Cliff Swallow Nesting Season at Bear River MBR

Bear River Cliff SwallowBear River Cliff Swallow – Nikon D810, f10, 1/500, ISO 500, +0.7 EV, Nikkor 500mm VR with 1.4x TC, natural light

Last week while at Bear River Migratory Bird Refuge I saw my first of the year Cliff Swallows while on the north side of the auto tour route. More of the swallows will migrate to the refuge very soon and the Cliff Swallow nesting season will start.

Cliff Swallow collecting mud for its nestCliff Swallow collecting mud for its nest – Nikon D200, f6.3, 1/400, ISO 400, +0.7 EV, Nikkor 200-400mm VR with 1.4x TC at 400mm, natural light

I find it fascinating to watch the Cliff Swallows gathering mud pellets from puddles and the banks of the river and water impoundments at the refuge. I’ve read where it takes 4000 trips each for the male and female to gather enough mud for their nests. That is a lot of trips with a bill filled with mud. Quite often these very social birds will make synchronized trips to gather mud for their nests for their one brood.

Cliff Swallow flock on Phragmites PanoCliff Swallow flock on Phragmites – Nikon D200, f7.1, 1/640, ISO 200, Nikkor 200-400mm VR with 1.4x TC at 400mm, natural light

There will be Cliff Swallows by the thousands & thousands at the refuge soon eating midges and mosquitoes (bless them, I despise mosquitoes), perched on top of phragmites and rushes and calling out noisy alarms when they are disturbed.

Cliff Swallow nests in northern MontanaCliff Swallow nests in northern Montana – Nikon D200, f6.3, 1/45, ISO 500, Nikkor 80-400mm VR at 130mm, natural light

I’ve photographed some of the Cliff Swallow nests at the refuge but wanted to share this photo of Cliff Swallow nests built in an old barn in Glacier County, Montana because I was able to get close enough to show the individual mud pellets that form the nests and the old wood was more pleasing to my eye than some of the nests I have photographed at the refuge.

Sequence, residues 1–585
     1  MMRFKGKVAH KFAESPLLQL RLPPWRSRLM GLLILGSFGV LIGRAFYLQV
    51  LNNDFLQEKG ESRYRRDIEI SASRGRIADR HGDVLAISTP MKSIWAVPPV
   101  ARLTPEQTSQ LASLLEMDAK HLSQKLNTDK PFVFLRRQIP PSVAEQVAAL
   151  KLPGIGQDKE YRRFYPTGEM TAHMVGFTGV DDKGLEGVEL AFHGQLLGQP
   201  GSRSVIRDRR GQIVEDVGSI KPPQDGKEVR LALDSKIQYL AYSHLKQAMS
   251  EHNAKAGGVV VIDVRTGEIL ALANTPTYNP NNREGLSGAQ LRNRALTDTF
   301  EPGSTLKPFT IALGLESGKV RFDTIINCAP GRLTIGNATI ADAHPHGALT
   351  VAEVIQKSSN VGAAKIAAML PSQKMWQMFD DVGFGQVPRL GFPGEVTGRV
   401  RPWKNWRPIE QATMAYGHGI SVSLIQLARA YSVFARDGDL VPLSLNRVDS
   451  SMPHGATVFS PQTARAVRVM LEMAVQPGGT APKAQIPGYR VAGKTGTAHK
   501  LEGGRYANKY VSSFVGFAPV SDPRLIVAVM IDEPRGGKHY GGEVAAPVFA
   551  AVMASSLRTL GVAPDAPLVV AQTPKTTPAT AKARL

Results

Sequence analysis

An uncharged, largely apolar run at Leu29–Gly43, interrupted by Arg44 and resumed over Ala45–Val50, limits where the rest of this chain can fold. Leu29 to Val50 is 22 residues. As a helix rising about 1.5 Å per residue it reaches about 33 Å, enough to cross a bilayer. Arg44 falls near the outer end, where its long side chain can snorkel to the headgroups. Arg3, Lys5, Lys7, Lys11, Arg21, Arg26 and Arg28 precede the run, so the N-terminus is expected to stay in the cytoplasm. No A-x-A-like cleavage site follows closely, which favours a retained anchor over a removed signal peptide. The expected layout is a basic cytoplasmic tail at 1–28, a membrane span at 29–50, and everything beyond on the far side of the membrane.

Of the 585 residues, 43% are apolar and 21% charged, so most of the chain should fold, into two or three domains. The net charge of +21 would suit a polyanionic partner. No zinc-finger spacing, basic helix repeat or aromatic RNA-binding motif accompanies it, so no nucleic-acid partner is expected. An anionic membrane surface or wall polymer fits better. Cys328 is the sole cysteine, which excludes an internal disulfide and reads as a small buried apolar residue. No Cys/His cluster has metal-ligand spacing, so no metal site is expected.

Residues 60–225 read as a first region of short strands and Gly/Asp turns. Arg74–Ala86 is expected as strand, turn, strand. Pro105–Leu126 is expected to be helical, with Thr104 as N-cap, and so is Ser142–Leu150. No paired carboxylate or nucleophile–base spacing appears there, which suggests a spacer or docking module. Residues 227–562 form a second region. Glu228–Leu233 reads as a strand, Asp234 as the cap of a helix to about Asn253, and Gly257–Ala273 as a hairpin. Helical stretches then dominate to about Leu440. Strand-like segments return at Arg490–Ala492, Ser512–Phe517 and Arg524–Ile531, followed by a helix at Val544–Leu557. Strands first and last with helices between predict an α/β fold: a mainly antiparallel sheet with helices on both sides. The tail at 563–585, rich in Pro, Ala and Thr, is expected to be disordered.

For the people from Utah who read my blog I thought this information about Cliff Swallows from Birds of North America Online was interesting:

The Cliff Swallow was one of the first North American birds to be described. Although its discovery in Colorado is usually credited to Thomas Say on Stephen Long’s expedition to the Rocky Mountains in 1820 (James 1823), the bird and its colonial breeding habits were first mentioned by the Spaniard Silvestre Velez de Escalante in September 1776 when he encountered large numbers in the Wasatch Range of Utah (Coues 1899).

Life is good. Birds enhance my life.


The first three images were taken at Bear River MBR from 2009 through 2015


  1. Elephant's Child March 26, 2016 at 1:00 pm

    I suspect the Native Americans described them first.
    4000 blobs of mud? That is dedication. And incredible architecture too.

  2. April Olson March 26, 2016 at 11:08 am

    I enjoy it when you post the sound. I like listening while I look at the beautiful photos and read your blog.

  3. Patty Chadwick March 26, 2016 at 11:00 am

    Those nests are incredible feats of architecture..and to think they’ve been created one small blob of mud at a time…exhausting to even think about!!!….no wonder they prefer to build them under the protection pf overhanging eaves and rocks…and how wise!!! Birds are amazing!!!

  4. Utahbooklover March 26, 2016 at 10:38 am

    Nice images and interesting post, complete with their alarm call. Thanks Mia.
    Yesterday we came home to a hawk plucking a dove on the front lawn. As we pulled in the driveway it flew off with the dove. Quite a mess to clean up but interesting to see the balance of nature in action.

  5. Molly March 26, 2016 at 10:06 am

    I liked seeing Cliff Swallows growing up in Montana on canoe trips. Fascinating little birds.

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